Title: Recycled Resources and Learning Communities
Abstract: The concept of learning communities can be seen as central in higher education, especially. Learning is fostered by dialogue, which is implicated in processes of conceptual development and alignment. These rich and complex phenomena include learning through witnessing the learning experiences of others — “vicarious learning” (VL). We propose that VL can be exploited by using rich media (such as video) to capture and share learning experiences. But the potential of rich media is broad and seems to be curiously under-exploited in education. One can envisage learning communities that create and build around learning resources of diverse kinds, using new materials but also integrating many strands of existing materials. In a number of encouraging ways, the available technologies already support this, but are often not greatly used, which suggests a challenge for design. How can we make these technologies more usable for our learning communities? A couple of exploratory approaches are discussed, including an informal experiment upon which it is hoped to build further.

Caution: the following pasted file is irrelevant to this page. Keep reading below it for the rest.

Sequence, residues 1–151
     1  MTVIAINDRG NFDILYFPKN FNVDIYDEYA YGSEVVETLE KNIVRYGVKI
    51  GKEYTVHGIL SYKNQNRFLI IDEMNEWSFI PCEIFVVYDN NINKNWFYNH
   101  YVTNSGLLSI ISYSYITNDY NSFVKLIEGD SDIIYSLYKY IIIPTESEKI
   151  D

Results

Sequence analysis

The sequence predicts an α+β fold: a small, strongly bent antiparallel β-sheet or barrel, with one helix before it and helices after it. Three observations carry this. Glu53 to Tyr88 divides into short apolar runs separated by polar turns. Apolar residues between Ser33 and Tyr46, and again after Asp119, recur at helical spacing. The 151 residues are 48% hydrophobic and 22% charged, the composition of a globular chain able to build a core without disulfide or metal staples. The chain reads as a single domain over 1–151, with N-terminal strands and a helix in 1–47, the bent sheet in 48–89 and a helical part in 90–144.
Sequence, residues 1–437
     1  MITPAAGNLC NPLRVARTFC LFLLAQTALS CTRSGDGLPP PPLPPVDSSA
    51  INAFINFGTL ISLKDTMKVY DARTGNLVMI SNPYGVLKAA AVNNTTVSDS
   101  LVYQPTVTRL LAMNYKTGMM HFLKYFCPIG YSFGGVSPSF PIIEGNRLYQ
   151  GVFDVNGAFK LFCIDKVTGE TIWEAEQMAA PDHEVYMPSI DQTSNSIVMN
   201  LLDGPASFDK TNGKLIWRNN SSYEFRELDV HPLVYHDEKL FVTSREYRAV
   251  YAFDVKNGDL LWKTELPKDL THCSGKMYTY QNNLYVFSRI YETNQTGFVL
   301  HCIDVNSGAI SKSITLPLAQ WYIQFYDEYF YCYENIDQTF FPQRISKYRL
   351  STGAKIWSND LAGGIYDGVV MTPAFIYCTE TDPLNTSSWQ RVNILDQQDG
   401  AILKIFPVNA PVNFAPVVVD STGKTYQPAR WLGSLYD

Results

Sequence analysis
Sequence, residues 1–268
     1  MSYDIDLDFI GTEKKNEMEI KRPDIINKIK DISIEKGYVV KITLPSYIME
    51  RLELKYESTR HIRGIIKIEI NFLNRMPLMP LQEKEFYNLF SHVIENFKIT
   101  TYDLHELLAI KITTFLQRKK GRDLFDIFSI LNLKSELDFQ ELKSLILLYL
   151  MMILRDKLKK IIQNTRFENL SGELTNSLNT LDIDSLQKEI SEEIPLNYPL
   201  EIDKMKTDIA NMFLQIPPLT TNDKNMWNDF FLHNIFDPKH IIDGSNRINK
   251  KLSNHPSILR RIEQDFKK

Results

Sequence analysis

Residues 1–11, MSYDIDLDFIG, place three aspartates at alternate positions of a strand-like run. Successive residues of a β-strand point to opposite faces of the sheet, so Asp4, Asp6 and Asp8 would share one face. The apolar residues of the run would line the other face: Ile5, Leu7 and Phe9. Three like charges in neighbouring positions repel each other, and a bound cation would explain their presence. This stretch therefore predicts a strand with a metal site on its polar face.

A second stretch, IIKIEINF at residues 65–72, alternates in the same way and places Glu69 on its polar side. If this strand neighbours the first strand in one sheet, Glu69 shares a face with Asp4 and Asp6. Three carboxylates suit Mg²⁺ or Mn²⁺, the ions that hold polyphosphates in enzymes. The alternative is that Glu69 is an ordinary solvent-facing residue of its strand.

Biography: John Lee is Professor of Digital Media at the University of Edinburgh. He holds a PhD in Philosophy and Cognitive Science, from Edinburgh. He works jointly in the School of Informatics and the Edinburgh College of Art, where he directs the long-standing MSc programme in Design and Digital Media. His research interests centre around cognition and communication in design and learning. For some time, he has been investigating the paradigm of “vicarious learning” and the question of how rich media resources can be used more effectively in applications of learning technologies.